The tradition of the Pilgrims’ first Thanksgiving is often steeped in myth and legend. Few people realize that the Pilgrims did not celebrate Thanksgiving the next year, or any year after that, though some of their descendants later made a “Forefather’s Day” that usually occurred on December 21 or 22. Several Presidents, including George Washington, made one-time Thanksgiving holidays. In 1827, Mrs. Sarah Josepha Hale began lobbying several presidents to create Thanksgiving as a national holiday. Still, her lobbying was unsuccessful until 1863, when Abraham Lincoln finally made it a national holiday.
Today, our Thanksgiving is the fourth Thursday of November. President Franklin D. Roosevelt set this set in 1939 (approved by Congress in 1941), who changed it from Abraham Lincoln’s designation as the last Thursday in November (which could occasionally end up being the fifth Thursday, and hence too close to Christmas for businesses). But the Pilgrims’ first Thanksgiving began at some unknown date between September 21 and November 9, most likely in very early October. Lincoln probably set the date of Thanksgiving to correlate with the Mayflower’s anchoring at Cape Cod, which occurred on November 21, 1620 (by our modern Gregorian calendar–it was November 11 to the Pilgrims who used the Julian calendar).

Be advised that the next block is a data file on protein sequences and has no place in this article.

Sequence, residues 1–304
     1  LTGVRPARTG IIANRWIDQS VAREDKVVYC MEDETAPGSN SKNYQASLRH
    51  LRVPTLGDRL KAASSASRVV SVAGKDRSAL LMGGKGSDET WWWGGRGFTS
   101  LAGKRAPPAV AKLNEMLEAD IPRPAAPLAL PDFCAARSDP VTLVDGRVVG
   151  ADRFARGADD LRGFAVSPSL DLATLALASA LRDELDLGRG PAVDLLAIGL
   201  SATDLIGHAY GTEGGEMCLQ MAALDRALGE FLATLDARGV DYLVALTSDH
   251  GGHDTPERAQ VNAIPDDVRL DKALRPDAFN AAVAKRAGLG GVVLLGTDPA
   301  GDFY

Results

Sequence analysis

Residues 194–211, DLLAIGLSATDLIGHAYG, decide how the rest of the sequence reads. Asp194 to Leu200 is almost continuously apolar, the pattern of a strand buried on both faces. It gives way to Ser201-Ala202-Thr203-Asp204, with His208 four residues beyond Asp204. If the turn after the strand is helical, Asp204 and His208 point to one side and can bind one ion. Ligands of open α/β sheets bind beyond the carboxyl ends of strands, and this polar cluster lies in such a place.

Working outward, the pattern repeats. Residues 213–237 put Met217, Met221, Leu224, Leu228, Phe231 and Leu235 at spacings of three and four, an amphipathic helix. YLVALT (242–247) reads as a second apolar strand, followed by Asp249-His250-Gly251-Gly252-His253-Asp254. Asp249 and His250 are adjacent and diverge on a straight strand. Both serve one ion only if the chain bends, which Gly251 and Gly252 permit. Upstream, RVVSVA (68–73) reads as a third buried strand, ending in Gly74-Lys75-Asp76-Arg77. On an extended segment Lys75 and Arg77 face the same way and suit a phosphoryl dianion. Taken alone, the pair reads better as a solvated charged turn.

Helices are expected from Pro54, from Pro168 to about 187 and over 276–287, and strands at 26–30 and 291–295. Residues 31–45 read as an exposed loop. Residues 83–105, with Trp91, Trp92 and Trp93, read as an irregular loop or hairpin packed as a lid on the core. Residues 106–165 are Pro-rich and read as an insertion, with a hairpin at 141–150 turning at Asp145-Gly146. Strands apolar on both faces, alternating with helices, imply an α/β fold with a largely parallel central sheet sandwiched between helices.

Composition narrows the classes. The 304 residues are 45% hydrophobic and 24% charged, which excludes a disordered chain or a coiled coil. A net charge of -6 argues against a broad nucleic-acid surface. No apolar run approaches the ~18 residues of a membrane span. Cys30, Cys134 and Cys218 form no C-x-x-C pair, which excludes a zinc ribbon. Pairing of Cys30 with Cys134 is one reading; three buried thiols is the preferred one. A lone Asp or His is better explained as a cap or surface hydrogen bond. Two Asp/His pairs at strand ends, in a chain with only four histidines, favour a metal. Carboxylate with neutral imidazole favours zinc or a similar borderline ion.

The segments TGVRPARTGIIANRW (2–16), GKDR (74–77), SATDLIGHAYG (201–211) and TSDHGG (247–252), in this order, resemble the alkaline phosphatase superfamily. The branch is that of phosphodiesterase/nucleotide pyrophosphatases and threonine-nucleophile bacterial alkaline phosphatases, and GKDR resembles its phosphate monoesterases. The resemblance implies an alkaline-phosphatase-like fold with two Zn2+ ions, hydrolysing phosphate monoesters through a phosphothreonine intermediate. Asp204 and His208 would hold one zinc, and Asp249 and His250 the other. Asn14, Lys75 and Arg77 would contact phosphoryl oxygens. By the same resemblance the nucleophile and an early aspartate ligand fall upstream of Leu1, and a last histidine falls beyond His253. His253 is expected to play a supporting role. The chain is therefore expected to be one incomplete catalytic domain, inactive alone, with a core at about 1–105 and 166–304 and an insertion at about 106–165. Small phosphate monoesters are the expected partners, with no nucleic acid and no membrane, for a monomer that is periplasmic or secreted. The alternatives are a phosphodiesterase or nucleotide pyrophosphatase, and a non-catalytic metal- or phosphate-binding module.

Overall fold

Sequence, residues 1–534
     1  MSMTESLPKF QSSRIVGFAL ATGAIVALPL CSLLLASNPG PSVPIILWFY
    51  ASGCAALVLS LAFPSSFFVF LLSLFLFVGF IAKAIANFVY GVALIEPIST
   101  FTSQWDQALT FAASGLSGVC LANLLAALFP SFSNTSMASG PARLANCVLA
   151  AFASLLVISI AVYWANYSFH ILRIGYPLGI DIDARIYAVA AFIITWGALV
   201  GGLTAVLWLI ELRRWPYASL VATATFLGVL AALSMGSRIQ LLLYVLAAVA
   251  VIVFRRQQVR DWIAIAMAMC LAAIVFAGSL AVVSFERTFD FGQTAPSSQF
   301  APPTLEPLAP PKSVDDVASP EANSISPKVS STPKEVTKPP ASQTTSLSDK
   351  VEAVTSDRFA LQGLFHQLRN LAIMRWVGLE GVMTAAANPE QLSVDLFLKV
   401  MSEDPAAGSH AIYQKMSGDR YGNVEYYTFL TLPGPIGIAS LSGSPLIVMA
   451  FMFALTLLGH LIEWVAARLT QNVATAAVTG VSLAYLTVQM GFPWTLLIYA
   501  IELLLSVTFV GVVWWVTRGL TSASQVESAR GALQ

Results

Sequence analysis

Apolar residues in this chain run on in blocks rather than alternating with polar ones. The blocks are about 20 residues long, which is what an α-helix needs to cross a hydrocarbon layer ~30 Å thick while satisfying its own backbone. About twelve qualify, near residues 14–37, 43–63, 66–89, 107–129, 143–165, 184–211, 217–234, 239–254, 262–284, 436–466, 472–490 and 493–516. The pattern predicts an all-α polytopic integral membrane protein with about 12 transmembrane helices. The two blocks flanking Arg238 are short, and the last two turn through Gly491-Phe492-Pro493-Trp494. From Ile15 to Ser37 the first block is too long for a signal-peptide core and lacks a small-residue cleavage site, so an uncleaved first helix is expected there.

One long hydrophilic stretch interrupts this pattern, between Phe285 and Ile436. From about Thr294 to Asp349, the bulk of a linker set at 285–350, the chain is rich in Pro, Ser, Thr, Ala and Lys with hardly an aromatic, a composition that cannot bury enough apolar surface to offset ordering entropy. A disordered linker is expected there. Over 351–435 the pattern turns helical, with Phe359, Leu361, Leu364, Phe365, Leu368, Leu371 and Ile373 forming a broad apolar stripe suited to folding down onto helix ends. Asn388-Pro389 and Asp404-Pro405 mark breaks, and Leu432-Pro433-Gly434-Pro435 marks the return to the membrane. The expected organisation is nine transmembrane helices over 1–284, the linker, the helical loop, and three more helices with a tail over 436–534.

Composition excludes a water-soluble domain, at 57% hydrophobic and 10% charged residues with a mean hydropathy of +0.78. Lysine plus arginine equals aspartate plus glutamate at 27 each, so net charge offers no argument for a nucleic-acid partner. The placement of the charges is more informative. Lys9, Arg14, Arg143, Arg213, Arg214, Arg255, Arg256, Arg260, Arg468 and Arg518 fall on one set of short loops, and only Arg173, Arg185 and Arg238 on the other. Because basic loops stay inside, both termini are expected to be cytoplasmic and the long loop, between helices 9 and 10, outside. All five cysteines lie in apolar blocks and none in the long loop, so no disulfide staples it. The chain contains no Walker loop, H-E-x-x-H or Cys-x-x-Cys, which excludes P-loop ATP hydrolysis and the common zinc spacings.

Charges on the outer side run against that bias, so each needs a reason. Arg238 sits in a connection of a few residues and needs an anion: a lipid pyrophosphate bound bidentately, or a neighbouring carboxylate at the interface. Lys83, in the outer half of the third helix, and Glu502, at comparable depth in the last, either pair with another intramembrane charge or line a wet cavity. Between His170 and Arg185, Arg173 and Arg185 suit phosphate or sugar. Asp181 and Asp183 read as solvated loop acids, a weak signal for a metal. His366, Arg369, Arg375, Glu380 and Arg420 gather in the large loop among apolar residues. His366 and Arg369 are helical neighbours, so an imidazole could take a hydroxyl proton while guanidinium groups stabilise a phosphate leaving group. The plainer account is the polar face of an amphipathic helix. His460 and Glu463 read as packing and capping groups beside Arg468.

There are only two contemporary accounts of the 1621 Thanksgiving: First is Edward Winslow’s account, which he wrote in a letter dated December 12, 1621. The complete letter was first published in 1622.